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Registered Sex Offender Count in the US Nearly 750k

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Registered Sex Offender Count in the US Nearly 750k

registered sex offenders

Welcome to the jungle.

According to a recent press release from the National Center for Missing & Exploited Children (1), the United States is home to 747,408 registered sex offenders.

If you think that number is scary, consider that about 100,000 of them are currently considered ‘missing’. Any one of those sex offenders could be in your neck of the woods.

Since 1994, sex offenders have been required to register with local law enforcement in order to help keep tabs on their whereabouts. Unfortunately, registration wasn’t enough.

The public still had no idea if there was a predator in the neighborhood, and the already overwhelming job of law enforcement made it difficult for them to babysit each and every registered offender.

The horrific murder of seven-year-old Megan Kanka finally resulted in Megan’s Law being passed in 1996. This law allows citizens ready access to information on sex offenders in their neighborhoods so that they can take steps to protect themselves and loved ones from dangerous predators. (2)




The Sex Offender Registry

If you’re curious about who is lurking around your town, you can conduct a search on the sex offender registry website for your state or territory. A full list can be found on the FBI’s sex offender registry page.

From there, you can access your state’s registry and then search by offender name or by location, such as your zip code. You may be surprised at what you find.

You will also find information on the type of crime the offender has been convicted of. For example, incest, rape, child molestation, etc. Depending on the state, each offender will have a picture, the area he or she lives or in some cases the actual address, as well as the severity of the crime.

Offenders may be classified by levels where a level 2 offender is a moderate risk, level 3 is a high risk predator and level 4 is sexually violent. Or they may be divided by crimes against children, sexual battery, rape or other sex crimes.

If you’re curious about how the US looks as a whole, you can check out a PDF of the US with numbers for each state.

You’ll see that California, Florida and Texas have the largest number of sex offenders, though if you look at the number of registered offenders per 100,000 people, the Florida, Michigan and Wisconsin have the highest density of registered sex offenders.

One thing to keep in mind, however, is that the type of crime may not truly convey the severity of it.

A man convicted of statutory rape may have, in actuality, had sex with his girlfriend who was a willing partner. And this girlfriend may be legally under age to give such consent.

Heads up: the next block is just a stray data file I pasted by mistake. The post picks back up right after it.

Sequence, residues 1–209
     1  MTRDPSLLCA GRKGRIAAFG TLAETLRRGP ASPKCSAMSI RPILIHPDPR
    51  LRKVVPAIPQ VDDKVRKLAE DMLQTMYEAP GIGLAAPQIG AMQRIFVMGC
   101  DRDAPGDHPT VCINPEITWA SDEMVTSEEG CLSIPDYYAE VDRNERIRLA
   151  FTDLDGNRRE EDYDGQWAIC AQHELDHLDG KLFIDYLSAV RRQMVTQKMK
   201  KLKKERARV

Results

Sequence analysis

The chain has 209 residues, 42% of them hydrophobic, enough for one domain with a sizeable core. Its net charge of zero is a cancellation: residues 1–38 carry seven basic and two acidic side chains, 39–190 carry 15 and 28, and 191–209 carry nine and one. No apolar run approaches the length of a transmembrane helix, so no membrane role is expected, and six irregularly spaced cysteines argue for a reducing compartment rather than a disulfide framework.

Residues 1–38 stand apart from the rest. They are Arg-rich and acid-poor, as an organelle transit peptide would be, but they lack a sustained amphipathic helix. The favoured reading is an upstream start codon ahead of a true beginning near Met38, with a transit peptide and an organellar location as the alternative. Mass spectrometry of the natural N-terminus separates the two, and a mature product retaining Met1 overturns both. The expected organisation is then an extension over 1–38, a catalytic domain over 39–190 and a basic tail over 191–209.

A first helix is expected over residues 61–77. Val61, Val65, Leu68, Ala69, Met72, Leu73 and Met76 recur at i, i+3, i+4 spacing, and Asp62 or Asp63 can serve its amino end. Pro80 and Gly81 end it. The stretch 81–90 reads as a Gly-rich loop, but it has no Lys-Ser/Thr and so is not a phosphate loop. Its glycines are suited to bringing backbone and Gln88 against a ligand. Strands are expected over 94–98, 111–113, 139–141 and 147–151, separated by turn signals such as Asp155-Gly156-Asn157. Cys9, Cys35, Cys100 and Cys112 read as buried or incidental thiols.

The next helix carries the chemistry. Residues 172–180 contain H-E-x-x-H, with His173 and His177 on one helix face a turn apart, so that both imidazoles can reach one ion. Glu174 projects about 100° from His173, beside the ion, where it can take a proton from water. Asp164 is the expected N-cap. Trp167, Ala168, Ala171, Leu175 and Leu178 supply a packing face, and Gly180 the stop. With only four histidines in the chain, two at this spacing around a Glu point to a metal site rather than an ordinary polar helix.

This does not necessarily make the offender a dangerous predator.

There have also been cases of people being falsely accused and convicted. While this is not the norm, it is something to remember when you discover a neighbor is a convicted sex offender.

If you are concerned, ask around. Your other neighbors may know more than the registry of registered sex offenders is telling you.

Staying Safe

You may or may not be surprised to see how many sex offenders live near you. You may also feel safer knowing the faces of the people who may pose a danger in your neighborhood.

This is a good tool to help you teach your children who to stay away from. But what about that 100,000 sexual criminals who aren’t part of the registry? This is where you need to remember safety.

You likely have already taught your children not to talk to strangers, but some studies have shown that children will still get into a vehicle with a stranger if that stranger doesn’t seem scary.

Teach them that no matter how nice someone seems, anyone could be dangerous.

Sadly, in many cases this includes friends and family members, so kids need to know what kind of “touching” is not okay, and they need to know it’s okay to tell if someone tries to cross the line.

Make sure these talks are frequent so they always remember.

Don’t forget about online predators. (3) Most experts agree that you should monitor your child’s online activity and have passwords for email and social networking accounts so you can check in periodically. Older kids and adults benefit for taking self-defense courses as well.

Sexual predators count on being able to dominate their victims. So don’t be an easy victim.

References & Image Credits:
(1) Missing Kids #1
(2) Missing Kids #2
(3) Microsoft Family Safety

Originally published on TopSecretWriters.com

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Top Secret Editors

Ryan is the founder of Top Secret Writers. He is an IT analyst, blogger, journalist, and a researcher for the truth behind strange stories.
 
Lori is TSW's editor. Freelance writer and editor for over 17 years, she loves to read and loves fringe science and conspiracy theory.

Top Secret Writers

Gabrielle is a journalist who finds strange stories the media misses, and enlightens readers about news they never knew existed.
Sally is TSW’s health/environmental expert. As a blogger/organic gardener, she’s investigates critical environmental issues.
Mark Dorr grew up the son of a treasure hunter. His experiences led to working internationally in some surprising situations!
Mark R. Whittington, from Houston, Texas, frequently writes on space, science, political commentary and political culture.

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